Creating Companies Before 35: Meet the Young Innovator Award Finalists

Entrepreneur, scientist, doctor, startup founder, CEO, and in some cases, all of the above. This year’s Young Innovator award finalists—all 35 and under—have shown that they can do it all to try to translate an idea into new treatments or digital tools for patients and healthcare providers. Here’s more on the finalists. The winner will be announced at the Xconomy Awards gala on Sept. 5 in Boston.


Kathleen McCarthy, Skyhawk Therapeutics


Kathleen McCarthy was working as a scientist for the Spinal Muscular Atrophy (SMA) Foundation early in her career when she was first introduced to the idea of targeting RNA with small molecule drugs—the basis for her current startup. The SMA Foundation funds R&D focused on finding new drugs for SMA, a rare genetic disease. While at the foundation, McCarthy helped developed an SMA drug belonging to PTC Therapeutics (work that was funded by the SMA Foundation). That drug, now being tested in late-stage trials through a partnership with Roche and the SMA Foundation, is a small molecule that targets a particular RNA molecule. It works by changing how the RNA is spliced, or edited, by the cell, to increase production of the protein made from that RNA molecule.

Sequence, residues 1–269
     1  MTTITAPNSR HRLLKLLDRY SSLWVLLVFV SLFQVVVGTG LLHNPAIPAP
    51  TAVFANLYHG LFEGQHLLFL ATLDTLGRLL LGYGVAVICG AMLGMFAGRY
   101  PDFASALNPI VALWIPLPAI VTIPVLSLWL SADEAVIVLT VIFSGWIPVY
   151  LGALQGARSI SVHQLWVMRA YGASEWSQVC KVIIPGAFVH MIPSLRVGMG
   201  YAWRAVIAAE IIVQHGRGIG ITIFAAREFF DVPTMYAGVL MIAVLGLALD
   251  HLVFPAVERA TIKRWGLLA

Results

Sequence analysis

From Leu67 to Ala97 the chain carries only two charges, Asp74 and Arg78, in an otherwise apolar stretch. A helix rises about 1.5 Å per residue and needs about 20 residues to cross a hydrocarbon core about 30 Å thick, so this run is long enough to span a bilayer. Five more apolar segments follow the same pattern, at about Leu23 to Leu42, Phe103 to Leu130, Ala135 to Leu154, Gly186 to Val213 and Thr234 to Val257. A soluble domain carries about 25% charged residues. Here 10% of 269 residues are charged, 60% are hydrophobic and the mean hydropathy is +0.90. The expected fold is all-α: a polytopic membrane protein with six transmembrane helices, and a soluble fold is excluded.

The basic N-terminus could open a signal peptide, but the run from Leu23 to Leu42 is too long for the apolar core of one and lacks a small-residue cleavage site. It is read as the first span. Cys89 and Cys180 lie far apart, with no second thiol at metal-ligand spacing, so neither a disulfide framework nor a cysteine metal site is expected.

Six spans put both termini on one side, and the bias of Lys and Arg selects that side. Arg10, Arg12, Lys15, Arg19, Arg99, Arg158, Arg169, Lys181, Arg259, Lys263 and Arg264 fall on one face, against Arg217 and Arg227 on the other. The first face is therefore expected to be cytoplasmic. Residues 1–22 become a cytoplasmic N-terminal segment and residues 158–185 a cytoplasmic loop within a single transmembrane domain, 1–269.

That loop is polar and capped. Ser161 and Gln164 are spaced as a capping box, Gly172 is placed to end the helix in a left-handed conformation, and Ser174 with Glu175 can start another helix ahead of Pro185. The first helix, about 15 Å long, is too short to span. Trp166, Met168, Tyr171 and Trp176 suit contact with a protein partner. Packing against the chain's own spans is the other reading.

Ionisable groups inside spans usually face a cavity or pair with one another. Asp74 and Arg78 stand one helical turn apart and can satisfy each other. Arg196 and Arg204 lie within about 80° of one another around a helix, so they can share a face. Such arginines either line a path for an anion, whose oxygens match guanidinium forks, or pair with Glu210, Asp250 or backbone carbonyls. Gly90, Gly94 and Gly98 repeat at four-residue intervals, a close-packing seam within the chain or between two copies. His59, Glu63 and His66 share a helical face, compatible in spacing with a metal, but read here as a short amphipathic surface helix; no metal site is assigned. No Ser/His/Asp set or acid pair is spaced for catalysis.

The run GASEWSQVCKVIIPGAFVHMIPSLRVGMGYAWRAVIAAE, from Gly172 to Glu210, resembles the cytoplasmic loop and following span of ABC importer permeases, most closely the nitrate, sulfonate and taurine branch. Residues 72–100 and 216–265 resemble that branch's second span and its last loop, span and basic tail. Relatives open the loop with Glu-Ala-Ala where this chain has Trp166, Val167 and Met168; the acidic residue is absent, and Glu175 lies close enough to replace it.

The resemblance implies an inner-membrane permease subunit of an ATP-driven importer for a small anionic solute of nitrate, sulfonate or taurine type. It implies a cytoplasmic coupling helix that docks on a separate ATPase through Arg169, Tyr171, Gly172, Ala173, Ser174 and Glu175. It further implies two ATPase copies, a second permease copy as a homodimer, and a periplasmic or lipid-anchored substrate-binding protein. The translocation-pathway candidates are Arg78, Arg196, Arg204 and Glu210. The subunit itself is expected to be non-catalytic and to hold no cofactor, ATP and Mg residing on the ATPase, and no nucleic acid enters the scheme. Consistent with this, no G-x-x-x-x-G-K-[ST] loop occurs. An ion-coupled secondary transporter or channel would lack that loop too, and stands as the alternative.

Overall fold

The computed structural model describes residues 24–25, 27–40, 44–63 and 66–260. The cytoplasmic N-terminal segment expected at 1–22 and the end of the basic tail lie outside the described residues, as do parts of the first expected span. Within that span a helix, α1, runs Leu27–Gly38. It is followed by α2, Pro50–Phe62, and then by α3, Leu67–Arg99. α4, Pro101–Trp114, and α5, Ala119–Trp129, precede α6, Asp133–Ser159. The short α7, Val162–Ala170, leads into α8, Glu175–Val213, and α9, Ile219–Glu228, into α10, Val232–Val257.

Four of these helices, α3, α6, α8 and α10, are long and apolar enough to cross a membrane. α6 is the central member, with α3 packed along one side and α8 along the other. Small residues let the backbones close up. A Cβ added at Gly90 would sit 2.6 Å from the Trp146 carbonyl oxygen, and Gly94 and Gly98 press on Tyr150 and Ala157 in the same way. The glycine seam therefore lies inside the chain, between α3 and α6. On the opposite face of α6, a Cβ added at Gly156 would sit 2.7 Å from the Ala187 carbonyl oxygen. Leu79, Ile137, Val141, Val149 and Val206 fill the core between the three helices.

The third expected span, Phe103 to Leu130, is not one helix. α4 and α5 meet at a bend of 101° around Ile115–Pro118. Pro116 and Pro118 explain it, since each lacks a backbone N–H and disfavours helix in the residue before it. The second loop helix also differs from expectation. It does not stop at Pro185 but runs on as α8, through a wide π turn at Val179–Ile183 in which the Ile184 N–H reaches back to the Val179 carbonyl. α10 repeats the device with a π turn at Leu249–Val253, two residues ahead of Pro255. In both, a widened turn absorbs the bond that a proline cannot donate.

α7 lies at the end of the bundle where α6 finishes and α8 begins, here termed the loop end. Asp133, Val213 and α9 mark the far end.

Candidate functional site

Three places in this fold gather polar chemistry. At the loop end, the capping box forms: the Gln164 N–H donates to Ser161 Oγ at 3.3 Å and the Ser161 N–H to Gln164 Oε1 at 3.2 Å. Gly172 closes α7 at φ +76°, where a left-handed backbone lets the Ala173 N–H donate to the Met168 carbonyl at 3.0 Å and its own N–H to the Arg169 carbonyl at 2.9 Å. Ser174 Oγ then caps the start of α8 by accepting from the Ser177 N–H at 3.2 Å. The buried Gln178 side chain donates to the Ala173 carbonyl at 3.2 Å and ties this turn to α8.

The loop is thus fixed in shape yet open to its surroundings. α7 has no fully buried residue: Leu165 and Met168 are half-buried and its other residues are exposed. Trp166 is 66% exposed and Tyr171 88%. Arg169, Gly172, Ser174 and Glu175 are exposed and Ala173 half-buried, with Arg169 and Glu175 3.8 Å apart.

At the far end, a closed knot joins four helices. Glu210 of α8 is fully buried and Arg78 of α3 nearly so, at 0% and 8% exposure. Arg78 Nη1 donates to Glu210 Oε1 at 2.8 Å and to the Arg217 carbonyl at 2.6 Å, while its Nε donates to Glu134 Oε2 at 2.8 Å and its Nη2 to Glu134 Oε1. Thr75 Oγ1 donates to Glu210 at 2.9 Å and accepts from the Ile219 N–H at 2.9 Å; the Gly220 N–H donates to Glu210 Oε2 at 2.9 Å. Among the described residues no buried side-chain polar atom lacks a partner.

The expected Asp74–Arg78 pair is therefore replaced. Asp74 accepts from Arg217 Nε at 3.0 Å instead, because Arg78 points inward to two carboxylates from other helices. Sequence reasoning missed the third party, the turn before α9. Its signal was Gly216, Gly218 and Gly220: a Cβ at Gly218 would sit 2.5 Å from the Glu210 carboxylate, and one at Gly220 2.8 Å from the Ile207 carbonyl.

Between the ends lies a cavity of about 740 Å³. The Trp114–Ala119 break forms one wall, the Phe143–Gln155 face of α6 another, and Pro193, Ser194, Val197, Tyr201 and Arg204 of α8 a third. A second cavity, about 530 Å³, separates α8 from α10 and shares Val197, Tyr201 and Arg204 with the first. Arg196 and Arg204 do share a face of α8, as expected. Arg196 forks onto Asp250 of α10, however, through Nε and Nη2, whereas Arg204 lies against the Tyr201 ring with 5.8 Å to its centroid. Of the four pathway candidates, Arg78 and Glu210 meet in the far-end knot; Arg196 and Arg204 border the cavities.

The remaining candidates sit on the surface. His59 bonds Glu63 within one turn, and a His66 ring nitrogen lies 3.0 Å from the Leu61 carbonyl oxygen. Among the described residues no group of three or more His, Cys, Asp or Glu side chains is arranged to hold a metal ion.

McCarthy moved to Roche to help advance the SMA drug into clinical testing, and started thinking about how small molecules could be used to correct RNA splicing errors in other diseases. She went to her friend, tech entrepreneur and investor Bill Haney, with the idea for a company, and together they co-founded Skyhawk Therapeutics in 2016, where McCarthy, 34, is chief scientific officer. Skyhawk recently announced a $60 million deal with Celgene (NASDAQ: CELG) and $40 million in financing from a variety of investors. The company says it could start clinical trials for its first drug, in cancer, by late next year.

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